The only thing that you can see on the above chart that we haven’t covered yet are the 3 lines that can be seen in the chart’s background. These lines represent the following:
- The highest one (dark brown): performance of the portfolio comprising of only XAU miners or silver, depending on the signal from the SP Silver-Miner Indicator.
- The middle one (silver): performance of silver.
- The lowest one (light brown): performance of the XAU Index.
The above can illustrate how the indicator works and how big the outperformance of both individual assets was in our simulated scenario.
Regarding the former, please compare the performance of the highest indicator-based line with both individual assets, with emphasis on the differences during different stages (holding the XAU vs. holding silver). The vertical green lines will be very helpful in this case. The point is that during the “holding the XAU” stage, the indicator-based portfolio performance is just like the one of the XAU Index, and during the “holding silver” stage, the indicator-based portfolio performance is just like the one of silver.
OK, great, but it would be nice if we could somehow zoom in, when you’re plotting everything on the same performance axis, I almost can’t see the movement of silver or XAU – the indicator-based portfolio.
The chart in the above form features the 3 lines (1. Indicator-based XAU-or-silver portfolio, 2. Silver, 3. XAU) in their natural relationship (without any alterations). Now, to make it easier to compare the performances (and to show that the portfolio really does take its value right from either silver or XAU), we’ll going to artificially increase the performance (multiply its price increases and declines) of silver 4 times and the performance of the XAU Index 8 times. In other words, the performance of the indicator-based portfolio will appear to be more in line with silver’s and XAU’s performances – please keep in mind that it’s not the case – the actual performance of the white metal was 4 times worse and the performance of the XAU Index was 8 times worse.
When the SP Silver-Miner Indicator is in the “buy mode” (XAU is favored instead of silver), you can clearly see that the dark brown performance line (indicator-based portfolio) is parallel to the light brown line representing the XAU Index. You can see it most clearly right after silver’s 2011 top – the XAU declines, but not as significantly as silver and you can see that the indicator-based portfolio was affected only moderately, not as critically as silver was.
Conversely, when the SP Silver-Miner Indicator is in the “sell mode” (silver is favored instead of the XAU), you can clearly see that the dark brown performance line (indicator-based portfolio) is parallel to the silver line representing silver. You can see it most clearly in the period before silver’s 2011 top. While the XAU Index moved higher rather gradually, silver’s rally took the form of a parabolic upswing. The same was the case with the performance of the indicator-based portfolio.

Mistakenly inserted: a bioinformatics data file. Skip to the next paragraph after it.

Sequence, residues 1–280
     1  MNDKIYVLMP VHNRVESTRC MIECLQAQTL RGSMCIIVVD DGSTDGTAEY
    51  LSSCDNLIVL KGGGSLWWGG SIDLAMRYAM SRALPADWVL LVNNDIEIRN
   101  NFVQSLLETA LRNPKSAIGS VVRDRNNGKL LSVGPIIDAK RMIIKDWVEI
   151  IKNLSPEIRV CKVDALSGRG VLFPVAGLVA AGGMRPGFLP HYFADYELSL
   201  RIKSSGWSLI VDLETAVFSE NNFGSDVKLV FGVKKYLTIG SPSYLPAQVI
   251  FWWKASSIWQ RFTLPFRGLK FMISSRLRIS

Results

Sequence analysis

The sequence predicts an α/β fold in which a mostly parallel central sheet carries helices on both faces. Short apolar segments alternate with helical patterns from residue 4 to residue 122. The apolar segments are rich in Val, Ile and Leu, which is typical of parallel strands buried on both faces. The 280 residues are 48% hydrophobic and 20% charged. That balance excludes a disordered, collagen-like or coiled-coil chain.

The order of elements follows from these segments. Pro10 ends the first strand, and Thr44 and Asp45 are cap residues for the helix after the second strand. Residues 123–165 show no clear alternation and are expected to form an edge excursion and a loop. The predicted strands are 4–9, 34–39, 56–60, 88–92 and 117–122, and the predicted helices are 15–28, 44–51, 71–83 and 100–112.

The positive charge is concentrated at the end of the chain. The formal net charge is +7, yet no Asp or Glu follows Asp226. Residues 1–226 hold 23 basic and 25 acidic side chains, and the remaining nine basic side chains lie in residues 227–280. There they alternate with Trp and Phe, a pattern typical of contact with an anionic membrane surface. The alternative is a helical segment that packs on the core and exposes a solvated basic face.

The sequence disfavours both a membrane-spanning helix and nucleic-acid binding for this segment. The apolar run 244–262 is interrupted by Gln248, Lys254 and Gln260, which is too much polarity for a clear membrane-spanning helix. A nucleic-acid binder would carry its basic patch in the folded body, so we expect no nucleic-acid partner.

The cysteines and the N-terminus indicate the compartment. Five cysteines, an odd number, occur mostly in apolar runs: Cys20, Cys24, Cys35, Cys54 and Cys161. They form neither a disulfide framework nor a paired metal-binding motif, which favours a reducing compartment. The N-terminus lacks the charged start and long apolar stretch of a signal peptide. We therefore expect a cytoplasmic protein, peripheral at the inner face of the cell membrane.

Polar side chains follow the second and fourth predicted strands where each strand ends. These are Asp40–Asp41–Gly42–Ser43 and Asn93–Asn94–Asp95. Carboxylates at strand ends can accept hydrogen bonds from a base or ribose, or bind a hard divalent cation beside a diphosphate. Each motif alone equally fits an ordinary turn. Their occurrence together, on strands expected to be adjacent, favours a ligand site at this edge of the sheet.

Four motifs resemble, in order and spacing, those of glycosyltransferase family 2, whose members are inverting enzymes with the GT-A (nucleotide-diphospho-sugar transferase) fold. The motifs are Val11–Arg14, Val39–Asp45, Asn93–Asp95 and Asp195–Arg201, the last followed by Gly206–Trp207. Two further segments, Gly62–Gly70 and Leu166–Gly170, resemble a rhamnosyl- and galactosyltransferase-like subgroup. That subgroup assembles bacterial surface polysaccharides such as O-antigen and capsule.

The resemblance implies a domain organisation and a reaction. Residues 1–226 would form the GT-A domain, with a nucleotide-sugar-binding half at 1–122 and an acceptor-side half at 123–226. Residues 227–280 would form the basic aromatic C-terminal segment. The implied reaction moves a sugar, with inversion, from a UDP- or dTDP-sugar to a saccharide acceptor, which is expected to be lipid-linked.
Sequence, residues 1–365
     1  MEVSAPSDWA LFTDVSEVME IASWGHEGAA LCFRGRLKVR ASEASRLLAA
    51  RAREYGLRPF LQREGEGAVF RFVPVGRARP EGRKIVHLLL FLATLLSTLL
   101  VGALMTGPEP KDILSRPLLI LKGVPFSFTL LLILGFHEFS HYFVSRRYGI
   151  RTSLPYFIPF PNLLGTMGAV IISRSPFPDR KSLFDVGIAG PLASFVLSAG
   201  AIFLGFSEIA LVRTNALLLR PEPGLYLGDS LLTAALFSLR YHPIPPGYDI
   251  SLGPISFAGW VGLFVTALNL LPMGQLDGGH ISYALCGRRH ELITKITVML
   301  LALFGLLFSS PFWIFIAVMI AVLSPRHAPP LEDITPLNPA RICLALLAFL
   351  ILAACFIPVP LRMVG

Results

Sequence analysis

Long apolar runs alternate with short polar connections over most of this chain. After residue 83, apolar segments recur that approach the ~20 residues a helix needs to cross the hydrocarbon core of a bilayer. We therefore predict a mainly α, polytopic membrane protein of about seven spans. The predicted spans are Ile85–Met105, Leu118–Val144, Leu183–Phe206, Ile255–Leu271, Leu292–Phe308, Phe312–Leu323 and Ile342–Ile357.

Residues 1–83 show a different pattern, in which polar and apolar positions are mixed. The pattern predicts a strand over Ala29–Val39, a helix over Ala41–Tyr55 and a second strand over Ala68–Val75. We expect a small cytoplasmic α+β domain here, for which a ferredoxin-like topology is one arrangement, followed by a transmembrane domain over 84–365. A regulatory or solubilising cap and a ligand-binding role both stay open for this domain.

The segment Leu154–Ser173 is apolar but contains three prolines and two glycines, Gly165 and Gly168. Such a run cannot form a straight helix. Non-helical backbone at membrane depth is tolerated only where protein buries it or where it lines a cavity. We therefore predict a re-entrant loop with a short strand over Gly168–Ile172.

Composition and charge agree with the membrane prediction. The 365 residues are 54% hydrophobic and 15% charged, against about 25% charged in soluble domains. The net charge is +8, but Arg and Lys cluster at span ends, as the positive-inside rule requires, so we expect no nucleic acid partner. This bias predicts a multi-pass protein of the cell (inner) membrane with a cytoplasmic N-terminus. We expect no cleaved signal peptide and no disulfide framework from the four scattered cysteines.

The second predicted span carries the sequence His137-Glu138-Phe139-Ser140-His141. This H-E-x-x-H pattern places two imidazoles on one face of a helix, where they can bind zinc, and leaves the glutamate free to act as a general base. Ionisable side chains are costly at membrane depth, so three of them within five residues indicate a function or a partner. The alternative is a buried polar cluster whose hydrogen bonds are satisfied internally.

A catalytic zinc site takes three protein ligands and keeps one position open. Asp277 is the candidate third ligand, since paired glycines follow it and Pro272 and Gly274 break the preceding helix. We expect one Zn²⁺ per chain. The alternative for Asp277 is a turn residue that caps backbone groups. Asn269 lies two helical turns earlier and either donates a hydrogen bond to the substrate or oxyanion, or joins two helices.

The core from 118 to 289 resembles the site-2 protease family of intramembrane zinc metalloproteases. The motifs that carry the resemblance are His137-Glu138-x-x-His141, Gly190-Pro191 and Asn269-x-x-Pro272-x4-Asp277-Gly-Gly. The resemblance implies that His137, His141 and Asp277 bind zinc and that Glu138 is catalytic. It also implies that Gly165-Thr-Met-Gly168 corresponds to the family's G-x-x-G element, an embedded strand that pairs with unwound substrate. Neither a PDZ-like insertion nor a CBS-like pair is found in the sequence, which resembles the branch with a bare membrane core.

Again, the chart above doesn’t show the real relationship and relative performances. Interestingly, even if the performance of silver is increased 4-fold and the performance of XAU is increased 8-fold (we multiplied the sizes of rallies and declines), the dynamic portfolio based on the SP Silver-Miner Indicator still wins.
Looking under the Hood
The SP Silver-Miner Indicator is actually a combination of two indicators: the green buy indicator and the red sell indicator. They are both based on a similar dataset (unsurprisingly, it’s based on silver and the XAU – considered individually, and in the form of a ratio), but there are some differences. Creating a separate indicator for buying and selling was necessary, because the mechanisms behind the ratio are not symmetrical on the way up and down. Both mining stocks and silver stocks tend to move from oversold to overbought and vice-versa, but the shapes of the moves differ. Miners tend to be quick in the first part of their moves, while silver catches up and soars in the final part of the move. Different shapes and different dynamics require different algorithms and even slightly different datasets.
We will not disclose the exact formulas publicly, but we can say that the algorithm benefits from using mechanisms that can also be found in the MACD and ROC indicators along with the use of moving averages and standard deviation. And no, it’s not as simple as a weighted average of the above. It’s more like a MACD histogram that’s based on the ROC’s moving average that’s adjusted according to the standard deviations for both markets. Plus a few extra details. Let’s just say that designing this indicator took months and that saving the Excel file with the chart and the calculations takes quite a while.
Before you ask, yes, we checked all popular indicators applied to the XAU to silver ratio and we tested many parameters and their performance was average at best – not even close to what we were able to achieve by creating an indicator that’s dedicated solely to trading between the XAU and silver.
That has been the most difficult indicator to create among the ones that we have ever developed, and it is the case not only because we were extremely careful while making assumptions (as we know that this indicator will be used with the most important part of the portfolio – the investment part). It was so difficult, because it’s not designed to detect price extremes. At times it does detect them as a side effect (for instance, the 2011 top in silver), but it’s not the goal. The goal is to move from one part of the market to the other during the move and magnify the gains. For instance, in the case of rallies, we usually initially have a strong rally in mining stocks that’s followed by a big catch-up in silver. By moving from miners to silver before the catch-up, we profit from both outperformances. That’s the moment that we’re trying to catch. Predicting gold’s tops and bottoms is something that is done based on many other factors and we don’t want to get into the details here.